First week without cycling races
We decided not to publish daily the current situation on our Baltic Chain Cycling website as there is not much of the sports involved, only fight against COVID-19. As there is a lot of doubt about the future, there is no point to create panic daily without knowing 100% what will happen next. The best we can do, is to listen the authorities and keep our selves and people around us safe.
As we know by now, most of the races ment to be organised before June, are already canceled due to the current situation of the COVID-19 epidemic spread. UCI also announced suspension of all classifications for all events on the UCI International Calendar, across all disciplines, from 15 March 2020 and until further notice but at least until 3 April 2020. Probably these dates will change and we won't see any racing before June, but we can't be certain of anything. There are corncerns that even Tour de France and Olympics might be postponed or even canceled, depending of the situation.
Coronavirus hit Europe in a speed nobody expected and many cyclist had to take a fast decision, to stay abroad for better training conditions or flee back to home. Most of the Baltic and Finnish riders traveled back to their home countries before the borders were closed, only few guys stayed in the southern part of the Europe. For example, Lithuania's Evaldas Šiškevičius (Nippo Delko Provence One) stayed in France, he told that he feels well in his home close to Marseille. Latvian Toms Skujins (Treks Segafredo) stayed in the Spanish town of Girona as he feels comfortable over there and didn't see any problem doing so. By now, we know that Spanish and French authorities have forbidden cycling outdoors, as there isn't much space anymore in the hospitals and it would be only extra trouble to take care of a crashed and injured cyclists. Luckily in Baltics and Finland the number of serious cases of coronavirus isn't that big and people are couraged to go out and do some activity. That is a good news as many cycling enthousiasts had planned their cycling holidays to this period of the year and now in Baltics the roads are full of cyclists. All local races, starting in April, will be probably canceled as the authorities have asked at the moment not to organise any events.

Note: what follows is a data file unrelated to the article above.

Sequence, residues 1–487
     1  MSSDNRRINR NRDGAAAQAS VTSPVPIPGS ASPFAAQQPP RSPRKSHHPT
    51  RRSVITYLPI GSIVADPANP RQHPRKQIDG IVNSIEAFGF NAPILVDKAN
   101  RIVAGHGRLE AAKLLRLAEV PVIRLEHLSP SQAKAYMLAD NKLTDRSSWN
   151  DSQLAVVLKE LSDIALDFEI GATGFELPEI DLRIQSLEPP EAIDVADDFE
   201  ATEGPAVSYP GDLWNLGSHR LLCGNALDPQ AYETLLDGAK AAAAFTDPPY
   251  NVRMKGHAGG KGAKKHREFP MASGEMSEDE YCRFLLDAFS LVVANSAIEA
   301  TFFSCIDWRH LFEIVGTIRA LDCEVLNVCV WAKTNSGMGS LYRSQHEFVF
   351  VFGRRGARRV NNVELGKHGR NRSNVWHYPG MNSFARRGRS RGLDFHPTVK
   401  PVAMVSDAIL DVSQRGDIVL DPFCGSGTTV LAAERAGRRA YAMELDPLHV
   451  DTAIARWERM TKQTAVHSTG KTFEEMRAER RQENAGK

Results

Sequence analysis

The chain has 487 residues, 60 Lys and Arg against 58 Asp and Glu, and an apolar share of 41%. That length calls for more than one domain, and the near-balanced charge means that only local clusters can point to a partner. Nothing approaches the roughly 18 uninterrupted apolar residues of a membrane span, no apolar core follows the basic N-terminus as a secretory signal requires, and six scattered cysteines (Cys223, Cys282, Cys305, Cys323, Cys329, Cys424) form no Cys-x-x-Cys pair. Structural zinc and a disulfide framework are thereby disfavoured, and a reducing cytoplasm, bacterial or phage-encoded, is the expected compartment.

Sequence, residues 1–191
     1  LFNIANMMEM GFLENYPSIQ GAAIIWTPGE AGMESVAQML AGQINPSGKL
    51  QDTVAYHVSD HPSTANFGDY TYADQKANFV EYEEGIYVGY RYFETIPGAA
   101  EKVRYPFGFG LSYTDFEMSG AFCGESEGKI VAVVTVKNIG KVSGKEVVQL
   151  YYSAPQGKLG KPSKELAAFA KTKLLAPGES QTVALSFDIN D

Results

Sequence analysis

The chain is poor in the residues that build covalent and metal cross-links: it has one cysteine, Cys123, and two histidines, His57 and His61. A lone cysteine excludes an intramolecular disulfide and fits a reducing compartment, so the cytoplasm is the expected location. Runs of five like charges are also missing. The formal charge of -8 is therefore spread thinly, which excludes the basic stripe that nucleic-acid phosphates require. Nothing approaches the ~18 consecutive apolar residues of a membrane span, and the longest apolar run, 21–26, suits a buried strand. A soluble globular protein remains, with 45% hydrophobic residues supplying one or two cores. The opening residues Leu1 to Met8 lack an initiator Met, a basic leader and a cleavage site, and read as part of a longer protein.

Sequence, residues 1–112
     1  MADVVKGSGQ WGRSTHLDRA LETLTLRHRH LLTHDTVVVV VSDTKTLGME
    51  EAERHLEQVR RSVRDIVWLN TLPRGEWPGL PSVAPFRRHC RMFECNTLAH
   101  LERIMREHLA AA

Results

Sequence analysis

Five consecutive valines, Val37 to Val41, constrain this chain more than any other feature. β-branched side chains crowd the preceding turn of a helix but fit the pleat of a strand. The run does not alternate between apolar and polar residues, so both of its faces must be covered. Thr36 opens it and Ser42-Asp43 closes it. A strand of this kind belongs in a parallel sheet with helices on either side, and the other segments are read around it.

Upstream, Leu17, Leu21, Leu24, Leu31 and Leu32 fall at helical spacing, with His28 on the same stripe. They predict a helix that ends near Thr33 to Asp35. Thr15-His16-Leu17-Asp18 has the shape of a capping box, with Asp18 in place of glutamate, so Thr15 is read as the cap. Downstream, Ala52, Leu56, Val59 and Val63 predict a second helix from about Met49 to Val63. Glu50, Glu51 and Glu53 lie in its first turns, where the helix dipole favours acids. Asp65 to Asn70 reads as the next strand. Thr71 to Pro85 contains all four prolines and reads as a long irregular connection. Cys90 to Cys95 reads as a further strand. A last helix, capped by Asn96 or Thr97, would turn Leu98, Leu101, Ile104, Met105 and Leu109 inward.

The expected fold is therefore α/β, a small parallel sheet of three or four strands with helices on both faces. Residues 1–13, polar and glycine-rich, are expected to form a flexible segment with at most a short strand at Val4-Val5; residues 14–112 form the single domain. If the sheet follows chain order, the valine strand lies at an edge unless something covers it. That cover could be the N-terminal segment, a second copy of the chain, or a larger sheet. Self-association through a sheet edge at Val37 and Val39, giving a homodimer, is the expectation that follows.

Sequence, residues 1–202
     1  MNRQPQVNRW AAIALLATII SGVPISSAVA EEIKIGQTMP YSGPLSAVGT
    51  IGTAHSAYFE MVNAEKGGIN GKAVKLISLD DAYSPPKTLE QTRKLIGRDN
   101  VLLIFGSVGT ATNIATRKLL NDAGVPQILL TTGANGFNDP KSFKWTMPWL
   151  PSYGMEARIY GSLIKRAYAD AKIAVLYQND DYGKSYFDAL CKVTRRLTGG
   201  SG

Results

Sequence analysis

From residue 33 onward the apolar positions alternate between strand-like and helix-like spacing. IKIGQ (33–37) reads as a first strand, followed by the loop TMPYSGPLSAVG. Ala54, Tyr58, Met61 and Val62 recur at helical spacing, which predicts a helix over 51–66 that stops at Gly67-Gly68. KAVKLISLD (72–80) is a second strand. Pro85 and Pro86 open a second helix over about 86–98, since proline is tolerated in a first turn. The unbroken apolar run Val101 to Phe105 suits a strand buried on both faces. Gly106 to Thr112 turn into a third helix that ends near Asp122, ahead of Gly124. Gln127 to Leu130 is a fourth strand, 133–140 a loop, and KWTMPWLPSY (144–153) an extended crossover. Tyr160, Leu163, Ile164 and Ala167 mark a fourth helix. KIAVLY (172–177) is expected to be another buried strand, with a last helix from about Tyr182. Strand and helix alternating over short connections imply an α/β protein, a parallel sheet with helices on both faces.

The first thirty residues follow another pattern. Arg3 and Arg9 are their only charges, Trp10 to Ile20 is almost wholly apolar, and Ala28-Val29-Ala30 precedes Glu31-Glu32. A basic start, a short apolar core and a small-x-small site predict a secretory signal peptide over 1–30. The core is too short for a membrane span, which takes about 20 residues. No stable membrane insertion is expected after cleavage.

We have already read some commentaries by disillusional people, who say that cycling should be forbidden everywhere. "As we can't parctice it out on the roads in France, nobody should be able to practice it outside". It shows how egoistic people can be and remembers us how important it is to support each other.
About the future, we can only wait and see what happens. It is also a economical catastrophe and nobody can say yet exactly how hard it will hit the business of cycling. One thing is for sure, many companies will have problems surviving these quarantine days and the days after it. Allmost all businesses will loose a part of their income, some more, some all of it. It means that they will have less capacity to invest into marketing and charity. Most of the sporting events and teams will suffer financily beacause of it.
Let's at the moment hope that the people them selves care about each other and work together in these hard times and that such incidents like in Italy or Belgium, where car drivers and pedestrians have attacked cyclists, won't happen anymore. Let's hope that the governments of our countries find the common ways to fight coronovirus and won't block and fight each other, taking care only about their private interests like did Poland by blocking Baltic people on their way back to home.